Publications & Presentations
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Recent PublicationsView all Publications
Corrective Action Catch 22: Court of Federal Claims Holds Agency Action Must Be Rational Even If GAO Protest Decision Was Not.
Authors: C. Joël Van Over, Alexander B. Ginsberg
The United States Court of Federal Claims’ July 15, 2014 decision in RUSH Construction, Inc. v. United States, reflects the unusual circumstance in which the court effectively sat in appellate review of an earlier bid protest decision by the Government Accountability Office (GAO) after the U.S. Army Corps of Engineers followed GAO’s recommendation in that decision. The court ultimately overruled GAO when it found that it was arbitrary and capricious for the agency to follow GAO’s irrational recommendation. In so doing, the court cited numerous flaws in GAO’s reasoning and its reliance on inapposite case law. The RUSH decision, authored by the Court of Federal Claims’ new chief judge, may foretell greater judicial scrutiny of agency corrective action and a shift at the court away from deference to GAO’s bid protest recommendations.
English Contract Law and Oral Contracts - Your Word May Still Be Your Bond
Author: Raymond L. Sweigart
Verbal contracts have their place in English law
Whether it was American movie mogul Samuel Goldwyn or the Australian/Irish politician Bryan O’Loghlen who first said, ‘A verbal contract isn’t worth the paper it’s written on’, with all due respect, they did not have this quite right and recent case law confirms they actually had it quite wrong, at least under English law. A contract forms once the parties have, to all outward appearances, agreed the same terms on the same subject matter, normally through offer and acceptance (Air Studios (Lyndhurst) Limited T/A Entertainment Group v Lombard North Central PLC ). However, many who negotiate commercial contracts often assume that there is a further requirement of formality and they are not bound unless and until the agreement is reduced to writing and signed by the parties. This is not true, oral contracts most certainly exist, and they are certainly enforceable with a few exceptions, and have been for a very great number of years.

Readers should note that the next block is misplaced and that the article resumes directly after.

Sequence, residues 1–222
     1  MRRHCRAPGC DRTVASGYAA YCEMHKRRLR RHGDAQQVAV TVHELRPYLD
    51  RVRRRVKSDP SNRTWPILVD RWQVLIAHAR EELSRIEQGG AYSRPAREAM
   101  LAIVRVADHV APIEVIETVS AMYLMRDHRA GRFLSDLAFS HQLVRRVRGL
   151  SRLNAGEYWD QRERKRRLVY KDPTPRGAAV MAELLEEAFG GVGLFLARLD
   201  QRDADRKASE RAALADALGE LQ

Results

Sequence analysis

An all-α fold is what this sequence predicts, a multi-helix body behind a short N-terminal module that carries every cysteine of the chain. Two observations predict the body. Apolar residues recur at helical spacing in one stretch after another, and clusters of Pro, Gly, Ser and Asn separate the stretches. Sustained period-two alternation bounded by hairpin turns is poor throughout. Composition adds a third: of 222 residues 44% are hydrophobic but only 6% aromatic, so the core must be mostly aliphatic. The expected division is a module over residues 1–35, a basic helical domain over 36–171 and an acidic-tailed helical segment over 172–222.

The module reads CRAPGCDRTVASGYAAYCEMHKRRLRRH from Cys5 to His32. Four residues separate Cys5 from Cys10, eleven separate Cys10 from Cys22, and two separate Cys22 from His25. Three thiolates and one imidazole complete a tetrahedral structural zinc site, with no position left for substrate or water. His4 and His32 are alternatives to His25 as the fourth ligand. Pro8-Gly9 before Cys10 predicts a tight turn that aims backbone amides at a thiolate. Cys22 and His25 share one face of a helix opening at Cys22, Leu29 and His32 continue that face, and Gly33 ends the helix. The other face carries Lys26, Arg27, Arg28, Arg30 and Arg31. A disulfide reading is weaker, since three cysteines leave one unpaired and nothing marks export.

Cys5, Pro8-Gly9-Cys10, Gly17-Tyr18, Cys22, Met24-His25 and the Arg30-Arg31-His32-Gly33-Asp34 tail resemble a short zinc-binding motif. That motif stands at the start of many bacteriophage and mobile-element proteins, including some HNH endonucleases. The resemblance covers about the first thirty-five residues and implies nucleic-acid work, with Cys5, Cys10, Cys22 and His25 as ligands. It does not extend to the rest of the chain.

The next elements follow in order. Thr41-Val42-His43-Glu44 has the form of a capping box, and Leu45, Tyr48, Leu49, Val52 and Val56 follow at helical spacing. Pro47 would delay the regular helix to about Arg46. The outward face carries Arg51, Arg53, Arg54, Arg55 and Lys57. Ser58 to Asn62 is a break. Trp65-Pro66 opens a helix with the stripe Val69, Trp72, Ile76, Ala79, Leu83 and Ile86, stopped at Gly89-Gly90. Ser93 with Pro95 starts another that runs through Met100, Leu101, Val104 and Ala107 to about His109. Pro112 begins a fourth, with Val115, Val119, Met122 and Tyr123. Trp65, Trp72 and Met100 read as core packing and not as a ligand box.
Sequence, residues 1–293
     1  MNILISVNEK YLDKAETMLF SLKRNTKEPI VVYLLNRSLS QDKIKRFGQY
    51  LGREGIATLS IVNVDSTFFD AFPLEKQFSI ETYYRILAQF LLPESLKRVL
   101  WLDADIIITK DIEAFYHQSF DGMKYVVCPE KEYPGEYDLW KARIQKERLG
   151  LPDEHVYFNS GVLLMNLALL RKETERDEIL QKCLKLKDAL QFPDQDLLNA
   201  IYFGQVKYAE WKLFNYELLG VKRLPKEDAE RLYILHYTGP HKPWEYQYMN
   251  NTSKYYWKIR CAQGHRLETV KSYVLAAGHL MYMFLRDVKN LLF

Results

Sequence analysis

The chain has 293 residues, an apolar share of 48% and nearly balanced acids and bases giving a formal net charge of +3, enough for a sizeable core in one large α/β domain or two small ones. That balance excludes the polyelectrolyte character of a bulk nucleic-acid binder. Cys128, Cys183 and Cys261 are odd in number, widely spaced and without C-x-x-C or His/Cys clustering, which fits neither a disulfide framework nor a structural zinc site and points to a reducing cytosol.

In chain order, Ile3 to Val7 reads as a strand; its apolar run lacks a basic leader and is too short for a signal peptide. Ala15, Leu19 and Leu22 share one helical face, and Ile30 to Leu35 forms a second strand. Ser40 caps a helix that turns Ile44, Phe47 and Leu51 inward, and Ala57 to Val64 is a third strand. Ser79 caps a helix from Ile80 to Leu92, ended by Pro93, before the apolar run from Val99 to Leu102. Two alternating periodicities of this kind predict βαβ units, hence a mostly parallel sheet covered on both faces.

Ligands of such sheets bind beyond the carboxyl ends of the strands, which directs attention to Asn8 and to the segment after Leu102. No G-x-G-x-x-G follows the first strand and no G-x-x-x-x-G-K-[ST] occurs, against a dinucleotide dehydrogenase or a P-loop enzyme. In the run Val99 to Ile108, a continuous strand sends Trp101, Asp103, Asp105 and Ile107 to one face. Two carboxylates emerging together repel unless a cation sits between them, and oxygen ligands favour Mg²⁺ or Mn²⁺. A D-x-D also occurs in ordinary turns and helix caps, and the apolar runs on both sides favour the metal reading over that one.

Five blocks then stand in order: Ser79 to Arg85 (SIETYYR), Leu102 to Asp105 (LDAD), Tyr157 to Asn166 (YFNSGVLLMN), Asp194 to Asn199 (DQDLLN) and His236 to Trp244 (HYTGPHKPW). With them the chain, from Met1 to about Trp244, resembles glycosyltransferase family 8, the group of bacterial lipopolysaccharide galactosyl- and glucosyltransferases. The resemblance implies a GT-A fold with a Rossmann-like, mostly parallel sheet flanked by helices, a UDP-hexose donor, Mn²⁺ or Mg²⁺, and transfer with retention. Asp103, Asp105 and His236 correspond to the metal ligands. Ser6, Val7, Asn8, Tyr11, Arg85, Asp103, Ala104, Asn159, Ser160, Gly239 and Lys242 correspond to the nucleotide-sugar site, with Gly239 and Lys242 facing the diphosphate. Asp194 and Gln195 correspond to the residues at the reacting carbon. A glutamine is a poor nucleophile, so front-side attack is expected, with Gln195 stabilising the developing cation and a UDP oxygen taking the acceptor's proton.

Delaware Supreme Court Permits Stockholders to Overcome Corporation’s Attorney-Client Privilege for “Good Cause”
Authors: Bruce A. Ericson, Dorothy F. Kaslow
On July 23, 2014, the Delaware Supreme Court in Wal-Mart Stores, Inc. v. Indiana Elec. Workers Pension Trust Fund IBEW held that plaintiff stockholders, who make a showing of good cause, can inspect documents concerning a corporation’s internal investigation even if those documents were otherwise covered by the attorney-client privilege and even if the plaintiffs’ inspection demands are made in Section 220 litigation.1 In so ruling, the Supreme Court expressly adopted the “fiduciary” exception to the attorney-client privilege first announced in a Fifth Circuit appellate decision dating from 1970, Garner v. Wolfinbarger.2 The Court also ruled that Garner does not apply to efforts to protect non-opinion work product, which should be analyzed under Court of Chancery Rule 26(b)(3).